13) Bottas was taking a three-place penalty for having passed Kvyat during a red flag on Friday afternoon. He reckoned he’d got all there was to get from the car and was a couple of tenths adrift of Vettel. Its main loss to the Ferrari was in the tight twists of the middle sector where its inert responses were visually losing it time to the more throttle-adjustable red car.

14) Team-mate Felipe Massa was struggling badly – unusually for him at his home track, where he’s been habitually very effective over the years. His main struggle was in sector two where he was running wide of the apexes. It was perhaps significant that the inner extremities of many of the apex kerbs had been rendered unusable by newly-installed speed blisters. Felipe is traditionally very effective at monstering kerbs.

15) Daniel Ricciardo’s Red Bull was fitted for the first time with the upgraded Renault power unit, with Kvyat’s sister car powered by the standard motor. The signs of progress for Renault Sport were not encouraging as Kvyat proved faster, seventh quickest to Ricciardo’s ninth. With the same wing settings Kvyat was marginally faster through the speed traps and set a quicker time in the grunt-demanding final sector. Ricciardo confirmed that he could feel no benefit in the car. Kvyat reckoned his final qualifying lap was the best he’s done all season.

16) Simulation suggested that two-stopping would be narrowly faster than three – but on the edge of feasibility. Degradation and wear of the right-rear was the limitation of both the soft and medium. The latter, though initially one second slower, looked to be the better race tyre, its degradation rate 0.1s per lap less than the soft’s and with double the expected wear life. Remaining on what looked likely to be the better two-stop strategy was going to involve running less than flat out in the early stages at least and knowing how many laps the less durable tyre (the soft) would do.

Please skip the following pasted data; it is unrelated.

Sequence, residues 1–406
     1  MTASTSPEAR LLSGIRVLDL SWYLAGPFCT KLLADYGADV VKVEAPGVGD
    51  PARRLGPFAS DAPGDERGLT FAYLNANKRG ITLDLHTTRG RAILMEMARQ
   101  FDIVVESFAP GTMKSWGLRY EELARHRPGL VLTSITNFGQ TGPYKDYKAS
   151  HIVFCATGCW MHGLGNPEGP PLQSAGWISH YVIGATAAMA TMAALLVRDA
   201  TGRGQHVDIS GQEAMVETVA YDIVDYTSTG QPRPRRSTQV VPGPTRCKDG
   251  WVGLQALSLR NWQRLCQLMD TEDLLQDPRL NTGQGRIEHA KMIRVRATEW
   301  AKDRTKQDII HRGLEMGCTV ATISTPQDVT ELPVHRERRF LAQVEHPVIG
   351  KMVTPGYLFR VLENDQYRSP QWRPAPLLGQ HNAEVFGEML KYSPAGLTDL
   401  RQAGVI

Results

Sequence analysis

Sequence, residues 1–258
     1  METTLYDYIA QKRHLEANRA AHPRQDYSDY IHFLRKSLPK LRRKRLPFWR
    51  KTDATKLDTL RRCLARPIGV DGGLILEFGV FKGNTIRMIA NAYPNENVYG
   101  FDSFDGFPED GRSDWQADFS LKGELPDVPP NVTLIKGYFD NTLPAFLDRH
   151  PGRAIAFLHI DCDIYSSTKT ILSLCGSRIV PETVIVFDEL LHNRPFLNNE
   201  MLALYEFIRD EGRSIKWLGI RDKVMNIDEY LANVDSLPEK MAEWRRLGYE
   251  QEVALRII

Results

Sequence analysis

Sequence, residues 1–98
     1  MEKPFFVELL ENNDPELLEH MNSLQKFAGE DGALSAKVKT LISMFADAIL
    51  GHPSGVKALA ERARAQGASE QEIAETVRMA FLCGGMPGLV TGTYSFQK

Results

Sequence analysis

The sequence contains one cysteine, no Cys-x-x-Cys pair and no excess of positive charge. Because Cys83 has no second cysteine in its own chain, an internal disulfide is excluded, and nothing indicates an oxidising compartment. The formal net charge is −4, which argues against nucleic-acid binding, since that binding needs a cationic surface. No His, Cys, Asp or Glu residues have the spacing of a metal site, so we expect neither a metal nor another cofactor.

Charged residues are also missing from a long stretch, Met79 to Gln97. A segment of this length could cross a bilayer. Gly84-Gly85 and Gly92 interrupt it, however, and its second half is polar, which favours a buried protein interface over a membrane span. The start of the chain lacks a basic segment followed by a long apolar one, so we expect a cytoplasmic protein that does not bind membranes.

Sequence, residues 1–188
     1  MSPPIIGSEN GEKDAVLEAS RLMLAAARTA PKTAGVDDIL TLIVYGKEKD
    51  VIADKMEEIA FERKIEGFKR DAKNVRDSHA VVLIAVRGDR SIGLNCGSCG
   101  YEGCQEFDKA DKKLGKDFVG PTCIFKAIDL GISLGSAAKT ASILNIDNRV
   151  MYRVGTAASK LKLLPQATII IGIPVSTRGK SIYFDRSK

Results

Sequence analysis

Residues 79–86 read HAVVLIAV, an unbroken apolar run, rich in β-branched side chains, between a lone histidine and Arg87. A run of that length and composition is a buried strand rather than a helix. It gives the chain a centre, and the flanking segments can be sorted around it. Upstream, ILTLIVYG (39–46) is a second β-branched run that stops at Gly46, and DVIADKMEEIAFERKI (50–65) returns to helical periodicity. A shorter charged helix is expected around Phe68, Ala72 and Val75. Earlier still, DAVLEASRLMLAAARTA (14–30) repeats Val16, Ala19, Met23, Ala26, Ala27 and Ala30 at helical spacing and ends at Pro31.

17) Unfortunately, during the race, with the cars arranged approximately in speed order already, they simply spread themselves further apart from each other, with no safety car or other interruptions to mix them up, everyone trying to maximise the stint lengths by looking after the tyres. Rosberg eased out of Hamilton’s DRS range, the two Mercs pulled themselves steadily clear of the Ferrari pair – and so on down the field.

18) Rosberg pitted for the first time from a 1.6s lead on the 13th lap, Vettel following him in. The Mercedes had to be held as the Ferrari came past, delaying Rosberg by around 1.5s. Had Hamilton still had plenty of tyre life at this point, he may have been able to pounce on Nico’s misfortune as he made his way in a lap later. But he didn’t.

19) Rosberg covered Hamilton off when he did mount a challenge. This was when Hamilton despaired and asked for an alternative strategy. Maybe he could eke out this middle stint, suggested his engineer. Had they remained on a two-stop, Hamilton would likely have tried this – getting himself out of sequence with Rosberg, coming in later for fresh tyres and using those to launch his attack in the final stint. This would still be permitted under the terms of the Mercedes internal policy – they’d each still be on the same strategy, just with stretched-out stop timings. Hamilton dropped away from the back of the leader, losing 0.8s of pace on the 25th lap, dropping well out of DRS range, a little further away each lap.

20) But ultimately it was Ferrari who foiled Hamilton’s ploy. How so? It decided to switch Vettel from a two-stop to a three. For no other reason than it was a no-risk alternative. The two-stop wasn’t getting him any closer to the Mercs, so let’s throw the dice. There was no-one close enough behind to threaten Seb’s second place – only notionally in the form of Räikkönen, who remained on a two-stop. Vettel was brought in at the end of the 32nd lap and fitted with a set of new soft tyres. As soon as Ferrari did that, it allowed Mercedes to do the same. With the track temperature still at that awkward level as the sun beat down, it wasn’t totally clear that the mediums would do the stint length required. So, to prevent themselves being vulnerable to Vettel, Mercedes decided to cover him – with both cars, as to do otherwise would be splitting the strategies between Rosberg and Hamilton, guaranteeing one unhappy driver.

21) So if they’d not switched to the three-stop, could Hamilton’s ploy have worked? It seems unlikely in hindsight. The rear tyres that came off Hamilton’s car at the second stops were considerably more worn than Rosberg’s. He’d almost certainly have lost too much time therefore late in that middle stint – and would then have needed to work the final set hard to get back onto Rosberg’s tail. All the evidence suggests Rosberg had this one covered regardless of strategy.